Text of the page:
The steel steam tanker Brilliant was launched from the Newcastle yard of Armstrong Mitchell and Co Ltd (Yard No 567) on 5th July 1890. She measured 318.5′ x 42.0′ x 29.5′ and her tonnage was 3189 gross, 2811 net. She was powered by a triple expansion steam engine by Wallsend Slipway and Engineering Co Ltd., Wallsend delivering 266 net horse power.
She was built for the Deutch-Amerkanische Petroleum Geselleschaft Rhederi, Hamburg and operate for this company till the outbreak of World War One. At this point she was initially interred and then requisitioned by the Admiralty who turned her over to the Standard Oil Company of New Jersey to operate as an oil carrier bringing essential fuel supplies to Britain and her allies in support of the war effort. She was renamed Llama at this point.
In October 1915 she left New York with a full cargo of gas oil bound for Copenhagen. As she approached British territorial waters she was stopped by the Royal Navy warship HMS Virginia and boarded by an armed inspection squad consisting of one lieutenant and four other seamen who, after reviewing the ship’s paperwork, ordered her to proceed to Kirkwall where she would undergo a full physical inspection. This was standard procedure for all neutral ships passing through British waters in the war years. The captain set a course north of Sule Skerry to approach the Orkneys from the north west. On the night of 29th October she arrived off the entrance to Westray Firth intent of passing through this channel and heading south into Kirkwall. However, for some reason a course was set slightly too far to the north of her intended route and ran aground on Skea Skerry on the south side of Westray in the early hours of the morning of 30th . The crew were in no immediate danger and safely landed in their own boats.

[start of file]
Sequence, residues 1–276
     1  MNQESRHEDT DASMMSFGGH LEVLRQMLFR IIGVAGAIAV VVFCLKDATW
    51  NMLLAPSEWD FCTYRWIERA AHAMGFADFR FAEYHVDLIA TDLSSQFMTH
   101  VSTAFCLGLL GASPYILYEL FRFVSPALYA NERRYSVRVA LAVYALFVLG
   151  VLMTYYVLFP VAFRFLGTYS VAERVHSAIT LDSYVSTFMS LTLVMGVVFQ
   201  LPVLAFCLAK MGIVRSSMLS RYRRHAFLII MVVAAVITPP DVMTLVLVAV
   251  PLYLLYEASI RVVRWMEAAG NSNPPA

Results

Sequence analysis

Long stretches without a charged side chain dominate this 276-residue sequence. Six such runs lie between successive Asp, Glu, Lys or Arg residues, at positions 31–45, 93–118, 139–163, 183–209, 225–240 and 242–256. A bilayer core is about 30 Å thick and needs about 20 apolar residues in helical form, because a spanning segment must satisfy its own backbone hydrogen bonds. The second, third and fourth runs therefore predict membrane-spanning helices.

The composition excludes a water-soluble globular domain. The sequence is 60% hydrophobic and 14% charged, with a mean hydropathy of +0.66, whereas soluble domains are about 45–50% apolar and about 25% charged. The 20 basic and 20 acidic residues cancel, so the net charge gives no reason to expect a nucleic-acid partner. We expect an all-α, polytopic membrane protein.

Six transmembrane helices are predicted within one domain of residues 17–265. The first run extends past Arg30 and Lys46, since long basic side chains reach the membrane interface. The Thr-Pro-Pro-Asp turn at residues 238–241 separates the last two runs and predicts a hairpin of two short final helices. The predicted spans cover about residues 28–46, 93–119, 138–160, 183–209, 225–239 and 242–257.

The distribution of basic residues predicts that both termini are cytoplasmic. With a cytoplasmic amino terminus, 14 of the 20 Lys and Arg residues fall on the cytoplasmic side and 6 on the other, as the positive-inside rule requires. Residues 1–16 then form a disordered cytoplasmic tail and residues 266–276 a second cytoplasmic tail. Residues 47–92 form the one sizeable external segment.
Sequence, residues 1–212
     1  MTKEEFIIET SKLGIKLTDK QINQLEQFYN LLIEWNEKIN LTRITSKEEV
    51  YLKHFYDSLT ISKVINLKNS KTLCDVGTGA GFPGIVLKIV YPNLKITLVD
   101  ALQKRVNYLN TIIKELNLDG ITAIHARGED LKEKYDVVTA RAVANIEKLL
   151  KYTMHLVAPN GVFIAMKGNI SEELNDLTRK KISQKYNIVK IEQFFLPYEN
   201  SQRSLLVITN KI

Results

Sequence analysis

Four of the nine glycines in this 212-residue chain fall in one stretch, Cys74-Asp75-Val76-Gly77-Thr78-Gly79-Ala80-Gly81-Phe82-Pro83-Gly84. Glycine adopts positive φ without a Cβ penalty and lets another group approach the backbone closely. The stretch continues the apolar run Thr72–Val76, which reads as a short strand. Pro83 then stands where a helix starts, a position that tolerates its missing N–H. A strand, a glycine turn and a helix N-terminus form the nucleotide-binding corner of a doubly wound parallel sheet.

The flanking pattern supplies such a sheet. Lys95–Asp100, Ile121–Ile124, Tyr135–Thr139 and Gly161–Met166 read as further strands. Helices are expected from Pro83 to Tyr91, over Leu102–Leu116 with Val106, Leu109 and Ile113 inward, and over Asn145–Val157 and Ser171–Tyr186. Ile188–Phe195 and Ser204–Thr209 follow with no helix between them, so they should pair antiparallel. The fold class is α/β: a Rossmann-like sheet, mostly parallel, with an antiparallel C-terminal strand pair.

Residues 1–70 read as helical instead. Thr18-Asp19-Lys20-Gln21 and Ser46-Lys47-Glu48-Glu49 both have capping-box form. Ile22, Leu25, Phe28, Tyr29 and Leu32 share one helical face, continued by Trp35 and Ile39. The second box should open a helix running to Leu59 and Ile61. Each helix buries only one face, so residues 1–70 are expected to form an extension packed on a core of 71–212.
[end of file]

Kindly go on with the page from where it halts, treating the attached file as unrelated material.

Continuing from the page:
The Llama became a total wreck and the subject of an intense court battle in the US between the insurers and Standard Oil Company. Initially the court held that the insurer was liable as the policy covered losses due to war actions. However this was reversed on appeal as the insurer argued that the loss was in fact due to marine misadventure which was not covered by the policy. However, a further appeal by Standard Oil in 1925 finally settled in favour of the oil company who successfully argued that the ship had been seized by the British authorities and therefore the loss was indeed due to war related activity. The company was awarded substantial damages in reparation for the loss of the ship and the oil cargo.
The wreckage of the Llama lies in water up to 14 metres deep on the south west side of Skea Skerries in approximate position 59° 14.745’N, 002° 59.294’W. Divers, who recovered an unmarked bell from the site, report that the engine and boilers are the most visible part of the wreckage which is otherwise flattened and scattered due to the exposed nature of the site.